4. We ensure that undocumented migrants struggling to register with a physician, namely vulnerable people – including pregnant women, children and victims of trafficking –, are not refused or denied access to primary healthcare. 
  5. We provide mental health resources, as well as psychological and psychosocial support through community support groups and art therapy sessions.
  6. We work alongside other organizations in creating safe spaces for LGBTIQ+ identifying people, help them access medical and psycho-social support and where possible, support the resettlement of LGBTIQ+ refugees in a country enabling them to live safely with their true identity.

There is no doubt that migration affects the health of refugees, however everyone has the right to appropriate medical care, regardless of their administrative or social status. Governments have a duty to ensure people can access the medical care they need and all countries must do more to provide healthcare for refugees and migrants who arrive on their shores.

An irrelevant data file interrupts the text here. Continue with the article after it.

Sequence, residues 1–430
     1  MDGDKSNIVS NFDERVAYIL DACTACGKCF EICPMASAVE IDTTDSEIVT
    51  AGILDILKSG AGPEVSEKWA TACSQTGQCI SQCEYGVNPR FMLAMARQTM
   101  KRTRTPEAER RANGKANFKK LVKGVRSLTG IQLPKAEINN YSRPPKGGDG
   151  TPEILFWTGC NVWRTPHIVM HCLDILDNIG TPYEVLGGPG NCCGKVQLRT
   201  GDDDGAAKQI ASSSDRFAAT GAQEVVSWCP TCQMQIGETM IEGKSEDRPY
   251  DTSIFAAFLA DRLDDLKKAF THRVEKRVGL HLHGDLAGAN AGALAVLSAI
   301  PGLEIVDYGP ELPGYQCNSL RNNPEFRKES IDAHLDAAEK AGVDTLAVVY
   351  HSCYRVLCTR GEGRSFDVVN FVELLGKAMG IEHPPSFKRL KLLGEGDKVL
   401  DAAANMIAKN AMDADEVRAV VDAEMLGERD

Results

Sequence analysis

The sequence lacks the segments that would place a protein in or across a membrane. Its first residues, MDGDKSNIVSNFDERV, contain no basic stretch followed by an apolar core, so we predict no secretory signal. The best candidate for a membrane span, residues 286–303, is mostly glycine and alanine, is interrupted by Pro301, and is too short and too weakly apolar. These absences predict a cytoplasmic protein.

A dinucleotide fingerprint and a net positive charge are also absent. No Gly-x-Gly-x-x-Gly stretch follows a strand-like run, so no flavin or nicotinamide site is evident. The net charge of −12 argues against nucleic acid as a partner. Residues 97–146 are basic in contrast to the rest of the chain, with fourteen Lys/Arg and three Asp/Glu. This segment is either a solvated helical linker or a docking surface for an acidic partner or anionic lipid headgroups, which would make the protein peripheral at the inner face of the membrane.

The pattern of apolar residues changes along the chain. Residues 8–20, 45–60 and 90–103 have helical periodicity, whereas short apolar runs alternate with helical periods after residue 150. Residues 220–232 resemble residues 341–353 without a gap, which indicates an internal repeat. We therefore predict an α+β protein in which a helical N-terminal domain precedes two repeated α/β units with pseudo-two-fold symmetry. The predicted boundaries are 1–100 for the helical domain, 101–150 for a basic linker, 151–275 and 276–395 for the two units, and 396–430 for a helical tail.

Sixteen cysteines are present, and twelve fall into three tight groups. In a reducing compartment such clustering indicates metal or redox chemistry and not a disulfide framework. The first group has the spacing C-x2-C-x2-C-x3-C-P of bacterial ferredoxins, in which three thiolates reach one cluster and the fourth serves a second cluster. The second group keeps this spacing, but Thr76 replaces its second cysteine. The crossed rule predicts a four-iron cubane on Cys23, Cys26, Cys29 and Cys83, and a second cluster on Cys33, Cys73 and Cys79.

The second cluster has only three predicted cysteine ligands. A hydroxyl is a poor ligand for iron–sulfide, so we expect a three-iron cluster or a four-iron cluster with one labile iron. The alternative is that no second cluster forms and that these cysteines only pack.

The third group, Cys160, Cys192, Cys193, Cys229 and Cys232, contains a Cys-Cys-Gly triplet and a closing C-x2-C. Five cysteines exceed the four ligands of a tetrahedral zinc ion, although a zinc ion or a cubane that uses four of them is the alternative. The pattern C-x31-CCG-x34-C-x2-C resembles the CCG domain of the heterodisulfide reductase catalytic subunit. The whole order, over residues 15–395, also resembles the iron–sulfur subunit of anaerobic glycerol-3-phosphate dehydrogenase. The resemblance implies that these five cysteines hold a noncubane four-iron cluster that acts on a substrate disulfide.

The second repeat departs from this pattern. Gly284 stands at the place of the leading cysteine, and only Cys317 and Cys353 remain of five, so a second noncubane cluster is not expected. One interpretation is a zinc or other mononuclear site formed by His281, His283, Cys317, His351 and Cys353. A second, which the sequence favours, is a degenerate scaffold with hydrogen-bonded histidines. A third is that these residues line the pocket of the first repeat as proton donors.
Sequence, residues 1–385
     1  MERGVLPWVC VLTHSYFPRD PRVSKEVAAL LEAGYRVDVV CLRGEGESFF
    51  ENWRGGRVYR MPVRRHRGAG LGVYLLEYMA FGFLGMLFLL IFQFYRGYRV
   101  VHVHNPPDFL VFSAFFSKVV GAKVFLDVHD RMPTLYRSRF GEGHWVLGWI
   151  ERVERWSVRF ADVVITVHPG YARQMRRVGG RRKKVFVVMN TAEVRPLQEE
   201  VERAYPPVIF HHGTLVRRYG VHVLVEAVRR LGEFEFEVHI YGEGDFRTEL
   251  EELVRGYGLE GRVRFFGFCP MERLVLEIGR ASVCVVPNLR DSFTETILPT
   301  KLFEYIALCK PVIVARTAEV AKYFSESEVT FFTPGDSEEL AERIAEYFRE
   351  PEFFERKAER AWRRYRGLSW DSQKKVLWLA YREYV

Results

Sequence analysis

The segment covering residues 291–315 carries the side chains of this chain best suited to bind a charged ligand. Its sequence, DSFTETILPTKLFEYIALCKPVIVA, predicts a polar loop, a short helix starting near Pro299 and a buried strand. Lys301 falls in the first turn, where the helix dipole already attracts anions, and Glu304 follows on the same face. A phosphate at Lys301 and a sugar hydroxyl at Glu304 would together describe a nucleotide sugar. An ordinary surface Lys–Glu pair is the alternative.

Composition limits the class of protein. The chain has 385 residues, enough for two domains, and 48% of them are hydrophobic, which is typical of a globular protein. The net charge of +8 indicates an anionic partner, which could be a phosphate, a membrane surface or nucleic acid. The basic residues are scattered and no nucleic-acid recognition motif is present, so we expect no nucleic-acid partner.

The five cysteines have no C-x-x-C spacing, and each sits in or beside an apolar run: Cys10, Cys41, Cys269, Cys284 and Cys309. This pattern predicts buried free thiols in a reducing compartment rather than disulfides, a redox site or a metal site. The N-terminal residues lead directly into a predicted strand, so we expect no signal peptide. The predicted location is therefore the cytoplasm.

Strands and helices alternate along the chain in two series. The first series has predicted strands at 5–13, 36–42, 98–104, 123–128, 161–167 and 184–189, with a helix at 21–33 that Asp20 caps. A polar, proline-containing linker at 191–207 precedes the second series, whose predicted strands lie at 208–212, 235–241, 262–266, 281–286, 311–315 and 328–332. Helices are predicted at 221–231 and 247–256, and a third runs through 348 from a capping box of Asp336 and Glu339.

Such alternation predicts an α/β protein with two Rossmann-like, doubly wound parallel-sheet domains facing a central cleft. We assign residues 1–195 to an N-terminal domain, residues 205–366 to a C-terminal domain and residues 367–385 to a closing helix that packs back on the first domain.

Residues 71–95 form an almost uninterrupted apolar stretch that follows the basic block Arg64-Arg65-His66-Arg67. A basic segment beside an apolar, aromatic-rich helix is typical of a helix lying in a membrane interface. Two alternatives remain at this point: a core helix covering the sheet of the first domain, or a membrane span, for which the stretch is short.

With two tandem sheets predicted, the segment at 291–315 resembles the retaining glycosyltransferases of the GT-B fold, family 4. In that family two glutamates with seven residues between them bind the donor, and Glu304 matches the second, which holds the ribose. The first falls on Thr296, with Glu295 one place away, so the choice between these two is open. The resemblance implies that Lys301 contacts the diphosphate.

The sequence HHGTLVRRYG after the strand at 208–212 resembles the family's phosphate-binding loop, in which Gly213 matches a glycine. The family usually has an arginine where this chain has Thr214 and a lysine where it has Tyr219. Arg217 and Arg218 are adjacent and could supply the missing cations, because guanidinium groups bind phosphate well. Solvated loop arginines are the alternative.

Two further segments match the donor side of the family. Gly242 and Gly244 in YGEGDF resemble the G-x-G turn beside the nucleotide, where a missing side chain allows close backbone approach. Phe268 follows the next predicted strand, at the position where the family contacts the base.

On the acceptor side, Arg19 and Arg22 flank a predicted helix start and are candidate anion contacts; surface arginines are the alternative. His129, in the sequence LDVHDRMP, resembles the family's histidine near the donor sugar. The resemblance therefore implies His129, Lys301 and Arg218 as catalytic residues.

Although the discourse around migration is highly politicised and often negative, now more than ever, health professionals must unite in defence of the right to provide and to receive medical care impartially. The international community has a responsibility to support hosting countries to ensure regional stability, and solidarity, as a shortfall in funding would leave hundreds of thousands unprotected, with few options to rebuild a life in dignity. 

Leah Sarah Peer
Leah Sarah Peer

Leah Sarah Peer is a medical student at Saint James School of Medicine and a graduate of Concordia University, Specialization in Biology, Minor in Human Rights in Montreal, Quebec, Canada. She is passionate about the intersection of health and human rights, and as an advocate for social justice and global health, she strives to become a compassionate leader in service to humanity.